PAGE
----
Malatya Martyrs: Oaks of Righteousness

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MALATYA, Turkey- On Easter Sunday, April 8, 2007, Necati Aydin was in the performance of his life.

The 36-year-old was playing the role of Jesus Christ in an Easter production.

"He loved to serve the Lord. That was his passion and goal in life," said Shemsa Aydin, wife of Necati Aydin.

Born into an Islamic family, Necati converted to Christianity in 1994.

"His family was so upset about his conversion," Shemsa said. "They even put a gun to his head and asked him to recant. But he did not."

Sitting in the audience that Easter morning were five Muslim men who had befriended Necati. According to Turkish authorities, the men wanted to know more about Christianity.

"They were pretending to be seekers," said Pastor Ihsan Ozbek.

Ten days later, on April 18, the men's true intensions would unravel in a brutal attack that would shake Turkey's tiny Christian community.

The five men stormed into Necati's office on the fourth floor of a building.

Armed with kitchen knives, the men tied up Necati and two other Christians, 46-year-old German citizen Tilman Geske and 32-year-old Ugur Yuksel, another Turkish convert from Islam.

"Every time I close my eyes, I can picture things very well," said Susanna Geske, wife of Tilman Geske. "So when I close my eyes I can see him sitting in the office."

Tilman and Susanna moved to Malatya in 1997. They knew that living here wasn't going to be easy. The city has deep Islamist and nationalistic roots. Anti-Christian sentiments run high here.

Ugur Yuksel experienced the tension in 2005 when protestors stood outside the same building, accusing him and other believers of using a publishing company to distribute Bibles.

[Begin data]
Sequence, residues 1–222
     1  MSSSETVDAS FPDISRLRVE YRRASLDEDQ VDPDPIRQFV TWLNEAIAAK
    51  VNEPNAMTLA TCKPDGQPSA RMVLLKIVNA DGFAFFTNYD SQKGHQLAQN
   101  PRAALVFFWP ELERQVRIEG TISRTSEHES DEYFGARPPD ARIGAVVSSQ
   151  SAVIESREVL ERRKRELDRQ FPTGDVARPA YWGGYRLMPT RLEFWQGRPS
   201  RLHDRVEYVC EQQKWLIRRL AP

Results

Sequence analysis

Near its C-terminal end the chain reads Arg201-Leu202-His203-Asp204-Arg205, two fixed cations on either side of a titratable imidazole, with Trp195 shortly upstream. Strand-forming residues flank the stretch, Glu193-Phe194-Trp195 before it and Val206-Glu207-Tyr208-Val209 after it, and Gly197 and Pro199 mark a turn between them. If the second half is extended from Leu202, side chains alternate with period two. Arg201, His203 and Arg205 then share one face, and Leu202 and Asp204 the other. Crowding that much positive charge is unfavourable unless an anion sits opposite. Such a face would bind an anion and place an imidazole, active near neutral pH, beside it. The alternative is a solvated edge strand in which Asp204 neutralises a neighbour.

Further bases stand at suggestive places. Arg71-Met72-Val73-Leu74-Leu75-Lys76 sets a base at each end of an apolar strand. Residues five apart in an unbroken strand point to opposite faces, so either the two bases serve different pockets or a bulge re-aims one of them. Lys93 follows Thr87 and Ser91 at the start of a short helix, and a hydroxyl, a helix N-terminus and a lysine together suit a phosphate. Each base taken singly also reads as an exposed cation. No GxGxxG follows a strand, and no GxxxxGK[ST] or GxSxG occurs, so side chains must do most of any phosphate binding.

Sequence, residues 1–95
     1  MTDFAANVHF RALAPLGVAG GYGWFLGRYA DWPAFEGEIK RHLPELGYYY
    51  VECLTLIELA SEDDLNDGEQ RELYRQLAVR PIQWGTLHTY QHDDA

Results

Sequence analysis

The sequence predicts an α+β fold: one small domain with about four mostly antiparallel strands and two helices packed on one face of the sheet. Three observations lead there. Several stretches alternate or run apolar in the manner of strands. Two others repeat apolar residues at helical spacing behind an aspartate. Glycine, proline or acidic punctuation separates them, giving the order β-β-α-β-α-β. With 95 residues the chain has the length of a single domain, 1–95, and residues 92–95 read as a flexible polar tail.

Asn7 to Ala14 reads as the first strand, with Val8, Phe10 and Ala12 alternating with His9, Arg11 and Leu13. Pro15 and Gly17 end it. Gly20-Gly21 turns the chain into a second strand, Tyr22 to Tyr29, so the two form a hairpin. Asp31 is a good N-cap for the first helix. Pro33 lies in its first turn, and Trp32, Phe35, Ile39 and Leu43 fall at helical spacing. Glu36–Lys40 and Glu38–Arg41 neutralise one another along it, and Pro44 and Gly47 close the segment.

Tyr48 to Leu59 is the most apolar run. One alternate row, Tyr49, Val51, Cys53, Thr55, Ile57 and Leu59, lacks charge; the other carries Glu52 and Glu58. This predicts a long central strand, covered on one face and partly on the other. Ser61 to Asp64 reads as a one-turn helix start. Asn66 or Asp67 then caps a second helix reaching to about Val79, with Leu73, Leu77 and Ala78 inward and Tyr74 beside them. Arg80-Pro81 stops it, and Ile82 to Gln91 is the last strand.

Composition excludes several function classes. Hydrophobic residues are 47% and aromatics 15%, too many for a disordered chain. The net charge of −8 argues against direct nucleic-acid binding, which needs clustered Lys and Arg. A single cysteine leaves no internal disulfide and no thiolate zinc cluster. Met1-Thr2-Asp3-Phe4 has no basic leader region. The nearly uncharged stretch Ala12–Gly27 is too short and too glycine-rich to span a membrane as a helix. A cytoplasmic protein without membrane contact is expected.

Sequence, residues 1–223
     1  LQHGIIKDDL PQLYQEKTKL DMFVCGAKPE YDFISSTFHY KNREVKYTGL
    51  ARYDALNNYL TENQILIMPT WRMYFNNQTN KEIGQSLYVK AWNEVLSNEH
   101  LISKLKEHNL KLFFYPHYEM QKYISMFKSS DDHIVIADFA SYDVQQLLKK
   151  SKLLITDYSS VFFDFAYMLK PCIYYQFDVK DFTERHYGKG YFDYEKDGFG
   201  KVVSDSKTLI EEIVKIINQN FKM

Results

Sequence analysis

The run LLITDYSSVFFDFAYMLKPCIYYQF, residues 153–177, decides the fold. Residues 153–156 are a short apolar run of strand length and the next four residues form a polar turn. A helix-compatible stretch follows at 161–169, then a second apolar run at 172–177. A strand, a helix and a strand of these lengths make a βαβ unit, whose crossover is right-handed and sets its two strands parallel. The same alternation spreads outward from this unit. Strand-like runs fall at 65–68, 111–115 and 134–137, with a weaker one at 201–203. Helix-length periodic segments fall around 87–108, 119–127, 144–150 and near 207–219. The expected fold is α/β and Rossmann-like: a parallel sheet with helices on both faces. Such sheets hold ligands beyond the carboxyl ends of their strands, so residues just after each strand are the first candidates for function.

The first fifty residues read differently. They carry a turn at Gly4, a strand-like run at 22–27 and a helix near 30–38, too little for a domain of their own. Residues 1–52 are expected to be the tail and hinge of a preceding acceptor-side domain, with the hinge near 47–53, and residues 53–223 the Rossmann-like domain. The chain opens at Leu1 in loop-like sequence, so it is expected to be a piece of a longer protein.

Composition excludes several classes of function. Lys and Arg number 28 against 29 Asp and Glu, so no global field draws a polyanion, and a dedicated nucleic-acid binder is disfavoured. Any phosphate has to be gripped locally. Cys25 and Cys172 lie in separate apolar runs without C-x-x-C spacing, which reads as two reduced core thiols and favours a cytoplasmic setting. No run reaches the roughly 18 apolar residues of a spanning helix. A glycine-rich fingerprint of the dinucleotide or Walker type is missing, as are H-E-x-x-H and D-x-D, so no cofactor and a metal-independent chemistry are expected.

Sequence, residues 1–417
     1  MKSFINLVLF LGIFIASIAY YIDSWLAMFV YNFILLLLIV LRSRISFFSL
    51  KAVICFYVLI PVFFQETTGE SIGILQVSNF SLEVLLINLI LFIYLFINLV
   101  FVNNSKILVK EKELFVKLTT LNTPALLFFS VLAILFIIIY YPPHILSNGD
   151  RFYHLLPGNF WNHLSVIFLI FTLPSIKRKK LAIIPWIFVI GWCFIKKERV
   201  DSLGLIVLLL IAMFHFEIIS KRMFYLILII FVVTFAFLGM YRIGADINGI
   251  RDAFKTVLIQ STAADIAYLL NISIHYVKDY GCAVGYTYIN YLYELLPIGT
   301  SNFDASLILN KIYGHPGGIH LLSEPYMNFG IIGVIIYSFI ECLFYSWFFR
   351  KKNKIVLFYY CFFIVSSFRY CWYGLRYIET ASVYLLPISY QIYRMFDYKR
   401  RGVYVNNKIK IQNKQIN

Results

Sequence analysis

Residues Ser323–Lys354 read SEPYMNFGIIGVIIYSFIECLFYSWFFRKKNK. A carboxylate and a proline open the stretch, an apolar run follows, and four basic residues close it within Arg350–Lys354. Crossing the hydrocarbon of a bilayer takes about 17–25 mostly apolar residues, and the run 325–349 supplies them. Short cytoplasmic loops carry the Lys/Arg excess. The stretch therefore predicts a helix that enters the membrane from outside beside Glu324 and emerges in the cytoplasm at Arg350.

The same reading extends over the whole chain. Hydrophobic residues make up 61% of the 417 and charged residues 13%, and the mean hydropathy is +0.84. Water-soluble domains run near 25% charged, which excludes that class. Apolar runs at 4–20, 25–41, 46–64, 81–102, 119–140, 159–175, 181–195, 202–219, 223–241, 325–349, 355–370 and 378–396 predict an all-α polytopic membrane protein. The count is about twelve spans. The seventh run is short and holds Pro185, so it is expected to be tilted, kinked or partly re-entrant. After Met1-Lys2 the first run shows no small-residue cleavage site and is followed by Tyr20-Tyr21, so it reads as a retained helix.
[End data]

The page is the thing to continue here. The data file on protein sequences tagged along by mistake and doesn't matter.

Shemsa said, "The Bible tells us that when we accept Jesus into our lives, we must be willing to count the cost."

What happened next is still under investigation. But authorities tell us that for two hours the men were repeatedly tortured.

Susanna said, "He had lots and lots of bruises. He must have been beaten up a lot."

"During the torture, the men forced our husbands to recite Islamic prayers to try and get them to renounce their Christian faith," Shemsa said.

Police were dispatched to the scene after getting calls from a nearby office about suspicious activity.

Sources have told CBN News that as soon as the suspects heard the police coming, they decided to end the lives of the three Christians.

"They cut their throats!" Ozbek said.

When the police burst through the door, they found the three with their hands and legs tied to chairs. Tilman and Necati were dead, their throats slit open.

In a video obtained by CBN News, the police can be seen arresting some of the suspects inside the office. The alleged ringleader tried to escape by jumping from the fourth floor balcony. He is still in the hospital.

Ugur was on the floor but still breathing. He was rushed to a hospital but died several hours later.